Blended Learning Speaker Series
We continue to bring outstanding speakers to campus to present their work on a wide variety of blended learning topics. For more information and a complete schedule of Blended Learning events, see the Upcoming Events page.
Whales, Galileo, and the Digital Humanities
November 7, 2017 at 4:30-6:00 pm in Founders 120
Jeffrey Ravel - 34,000 Theater Performances and 2200 Images of Whales: Some Lessons Learned in the Digital Humanities
This talk will draw on experiences directing two digital humanities initiatives, the Comédie-Française Registers Project and the Visualizing Maritime History Project. The former is now reasonably mature and available online, while the latter is still in progress. Topics will include the pleasures and perils of international collaborations, the overlap between research and pedagogical agendas in the Digital Humanities, and the synergies between material collections and digital projects. Triumphalist DH narratives will be avoided; expect instead a tempered assessment of the challenges facing humanities scholars working in digital spaces today.
Crystal Hall - Lessons from Galileo’s Digital Library
This presentation describes an ongoing project to digitally recreate Galileo Galilei’s personal library. Rather than treating the library as a catalog of books, the project uses digital tools to create and navigate an intellectual artifact of choices and circumstances. Examples from the library show both what can be achieved when historical data is (mostly) complete and what can be done with incomplete, ambiguous, or deceptive data. The lessons from the library have three ends: a better understanding of early modern intellectualism, identifying the strengths and limitations of digital tools, and suggesting the research and pedagogical opportunities of such a project.
The Women Writers Project at 30
May 8, 2017 at 3:30 & 4:45 pm in the Library Lecture Room
3:30 - 4:30 pm - The Women Writers Project at 30: The Data of Writing, Reception, and Intertextuality
The Women Writers Project is approaching its 30th year as a digital humanities research and publication project. This presentation will explore the WWP's history and its research program in scholarly text encoding, including a close look at two projects focusing on reception history and intertextuality.
4:45 - 5:45 pm - Under the Hood of the WWP: Data, Tools, and Education
This presentation will look at how the Women Writers Project's publications work, including TEI-encoded data, XML publishing systems, and the work flows and training materials that support this rich and complex information environment. We'll also consider the principles of sustainability that have enabled these systems to survive and adapt over three decades of changing technologies and needs.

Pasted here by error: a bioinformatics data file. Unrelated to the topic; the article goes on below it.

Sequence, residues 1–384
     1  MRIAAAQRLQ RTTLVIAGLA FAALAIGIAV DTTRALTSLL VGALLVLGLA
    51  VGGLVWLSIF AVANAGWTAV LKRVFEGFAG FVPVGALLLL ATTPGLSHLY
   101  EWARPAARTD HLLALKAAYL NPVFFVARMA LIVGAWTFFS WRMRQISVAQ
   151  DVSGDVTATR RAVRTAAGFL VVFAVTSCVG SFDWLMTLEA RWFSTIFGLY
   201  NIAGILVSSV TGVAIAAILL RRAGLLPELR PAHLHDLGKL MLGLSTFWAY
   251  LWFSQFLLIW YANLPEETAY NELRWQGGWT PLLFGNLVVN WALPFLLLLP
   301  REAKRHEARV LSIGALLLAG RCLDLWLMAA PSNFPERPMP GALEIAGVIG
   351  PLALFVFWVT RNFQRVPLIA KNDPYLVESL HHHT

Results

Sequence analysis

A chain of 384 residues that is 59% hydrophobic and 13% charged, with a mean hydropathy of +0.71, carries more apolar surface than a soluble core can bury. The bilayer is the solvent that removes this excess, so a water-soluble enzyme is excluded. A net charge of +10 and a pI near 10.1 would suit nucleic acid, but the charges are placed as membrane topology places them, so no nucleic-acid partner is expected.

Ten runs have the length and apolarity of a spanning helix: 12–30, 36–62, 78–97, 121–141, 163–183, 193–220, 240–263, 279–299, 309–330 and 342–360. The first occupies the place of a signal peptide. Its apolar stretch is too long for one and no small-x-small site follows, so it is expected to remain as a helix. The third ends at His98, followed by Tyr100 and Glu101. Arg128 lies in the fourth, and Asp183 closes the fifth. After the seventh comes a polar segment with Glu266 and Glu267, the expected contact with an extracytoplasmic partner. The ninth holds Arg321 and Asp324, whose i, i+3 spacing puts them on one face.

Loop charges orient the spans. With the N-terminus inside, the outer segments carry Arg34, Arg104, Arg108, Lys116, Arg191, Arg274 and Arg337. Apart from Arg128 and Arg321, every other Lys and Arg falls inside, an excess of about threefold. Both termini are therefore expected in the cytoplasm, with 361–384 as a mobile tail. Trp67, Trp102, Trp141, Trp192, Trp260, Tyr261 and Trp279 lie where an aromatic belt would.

Choose Your Own Witch-trials: A Pedagogical Adventure in Text-based Gaming
April 27th, 2017, 4:30 - 5:30 pm in PNE 339
The witch-hunts of early modern Europe, some of the most fascinating and disturbing episodes in the history of the Western world, provide teachers with significant pedagogical opportunities and challenges. This presentation discusses a project in which students create games that examine regional differences in the European witch-trials. More generally, it explores the use of interactive text-based games in the classroom.
Teaching and Learning with Digital Storytelling
March 16, 2017, 12:30 - 2:00 pm in the Library Lecture Room
Digital storytelling can be many things: narrative, interactive, linear, nonlinear, immersive, artistic, educational. What happens when we use digital storytelling to communicate academic research? When we use it in the classroom to teach digital skills as well as content? This workshop explores these questions and more, including practical strategies for integrating digital storytelling into the classroom across disciplines.
Teaching Literature Through Technology: Sherlock Holmes, London, and the Digital Humanities
November 30, 2016, 4:00 - 5:00 pm in FND 120
How can we balance the needs of teaching literature with teaching students to use technology? This talk takes up two classes as case studies to address this question. “Digital Tools for the 21st Century” uses the Holmes stories as a corpus on which to practice digital humanities methodologies and tools, including visualizations, digital archives, mapping (GIS), and distant reading. “Virtually London: Literature and Laptops” uses digital archives and digital mapping to examine how issues of gender, class, and race were embedded in the geography of London itself, and by extension, in literature about London and its environs.